June 30, 2019

Shincha Tea, Japan's First Flush Tea


Teas classified as "first flush" are those made from the buds and leaves plucked at the beginning of spring. The stress of winter weather contributes to high concentrations of flavor compounds in the new spring shoots. The most well-known first flush tea is Darjeeling First Flush, typically harvested between mid and late March. Other first flush or first harvest teas include Pre-Qing Ming Dragonwell and Silver Needle from China and the spring harvests of gaoshan teas in Taiwan.

What is shincha?

Shincha aka ichibancha is the first flush tea made from Sencha cultivars. Sencha is the most commonly produced green tea in Japan. Sencha accounts for 63.4% to 80% of Japan's total tea production. Most of the Sencha harvested in Japan is grown in Shizuoka. The typical harvest period for Sencha is late April to mid May.

How are sencha and shincha made?

Although Shincha is made from Sencha cultivars, their production processes are different. Sencha is made by sorting and blending different batches of aracha or raw tea. The aracha process includes steaming, rolling, and drying. To create aracha for Sencha, the leaves undergo different lengths of steaming.  Asamushi Sencha is steamed for 30-45 seconds while Fukamushi Sencha is steamed for one to two minutes. After the leaves undergo the full aracha process, they are sorted by size and then blended. Shincha undergoes less processing to maintain the entire spectrum of spring flavors.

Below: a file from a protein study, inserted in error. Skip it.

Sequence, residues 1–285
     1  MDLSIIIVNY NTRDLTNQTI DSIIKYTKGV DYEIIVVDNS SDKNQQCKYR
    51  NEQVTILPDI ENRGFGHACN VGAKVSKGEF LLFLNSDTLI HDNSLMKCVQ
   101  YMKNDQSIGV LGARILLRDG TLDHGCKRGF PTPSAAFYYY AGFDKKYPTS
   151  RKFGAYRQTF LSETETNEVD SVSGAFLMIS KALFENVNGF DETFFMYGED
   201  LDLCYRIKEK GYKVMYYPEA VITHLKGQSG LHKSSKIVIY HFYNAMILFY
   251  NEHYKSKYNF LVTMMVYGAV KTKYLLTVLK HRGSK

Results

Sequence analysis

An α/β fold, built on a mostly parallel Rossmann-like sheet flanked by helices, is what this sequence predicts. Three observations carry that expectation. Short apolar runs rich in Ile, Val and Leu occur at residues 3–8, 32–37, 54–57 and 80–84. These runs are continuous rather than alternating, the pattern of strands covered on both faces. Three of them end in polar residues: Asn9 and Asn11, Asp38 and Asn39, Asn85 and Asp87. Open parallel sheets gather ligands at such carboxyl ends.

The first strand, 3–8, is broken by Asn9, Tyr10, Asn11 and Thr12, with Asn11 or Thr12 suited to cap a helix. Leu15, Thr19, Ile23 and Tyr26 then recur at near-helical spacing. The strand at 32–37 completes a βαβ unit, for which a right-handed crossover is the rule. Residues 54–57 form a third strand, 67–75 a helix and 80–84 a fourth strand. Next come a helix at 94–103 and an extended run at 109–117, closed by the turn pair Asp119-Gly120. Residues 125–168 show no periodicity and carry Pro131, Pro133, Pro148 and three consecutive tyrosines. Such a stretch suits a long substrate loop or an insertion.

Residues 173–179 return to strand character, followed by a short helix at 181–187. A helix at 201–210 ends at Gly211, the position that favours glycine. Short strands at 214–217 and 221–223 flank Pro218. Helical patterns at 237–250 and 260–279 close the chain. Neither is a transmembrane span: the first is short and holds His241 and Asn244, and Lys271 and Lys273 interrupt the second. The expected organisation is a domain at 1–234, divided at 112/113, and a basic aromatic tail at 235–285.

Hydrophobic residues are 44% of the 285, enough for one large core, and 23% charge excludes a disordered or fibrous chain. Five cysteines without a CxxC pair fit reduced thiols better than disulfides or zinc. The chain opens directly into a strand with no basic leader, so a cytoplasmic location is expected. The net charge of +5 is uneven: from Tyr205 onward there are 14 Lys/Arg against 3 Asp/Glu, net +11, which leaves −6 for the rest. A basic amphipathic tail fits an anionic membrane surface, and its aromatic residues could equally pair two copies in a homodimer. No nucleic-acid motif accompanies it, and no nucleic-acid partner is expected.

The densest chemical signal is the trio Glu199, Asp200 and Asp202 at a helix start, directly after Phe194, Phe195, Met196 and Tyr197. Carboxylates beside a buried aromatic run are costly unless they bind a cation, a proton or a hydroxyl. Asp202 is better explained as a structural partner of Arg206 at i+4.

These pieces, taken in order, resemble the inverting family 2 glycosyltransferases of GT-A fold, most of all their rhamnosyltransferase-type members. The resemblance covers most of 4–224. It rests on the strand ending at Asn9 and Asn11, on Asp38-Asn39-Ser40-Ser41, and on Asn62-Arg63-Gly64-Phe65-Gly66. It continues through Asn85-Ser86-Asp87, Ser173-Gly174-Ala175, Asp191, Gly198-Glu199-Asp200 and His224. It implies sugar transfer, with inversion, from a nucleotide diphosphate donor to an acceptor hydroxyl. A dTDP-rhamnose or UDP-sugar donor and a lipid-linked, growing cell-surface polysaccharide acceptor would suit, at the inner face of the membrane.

Brewing sencha and shincha

Both types of Japanese green tea can be prepared using the same technique.
  1. Add 2 tbsp (10 g) of tea to your 7 oz (210 ml) kyusu or teapot.
  2. Pour 80 C water gently over the leaves in your kyusu.
  3. Steep the leaves for 60 sec (Sencha) or 40 sec (Shincha).
  4. Pour the tea into your drinking cup (do not leave any liquor in the kyusu).
  5. Infuse the leaves twice more (Ippodo Tea Co. recommends pouring the hot water over the leaves then immediately transferring the liquor to the cup).

How does Shincha taste?

Shincha hit many of my tongue's taste buds: sweet, salty, savory (umami). Thankfully, the tea exhibited no bitterness. The texture was lush. I noted vegetables and herbs in my cups of Shincha. If you haven't tried this type of tea, I recommend the Ippodo Tea Co. 2019 Shincha 2019.

Shincha Newly Harvested Sencha 2019 courtesy of Ippodo Tea Co.

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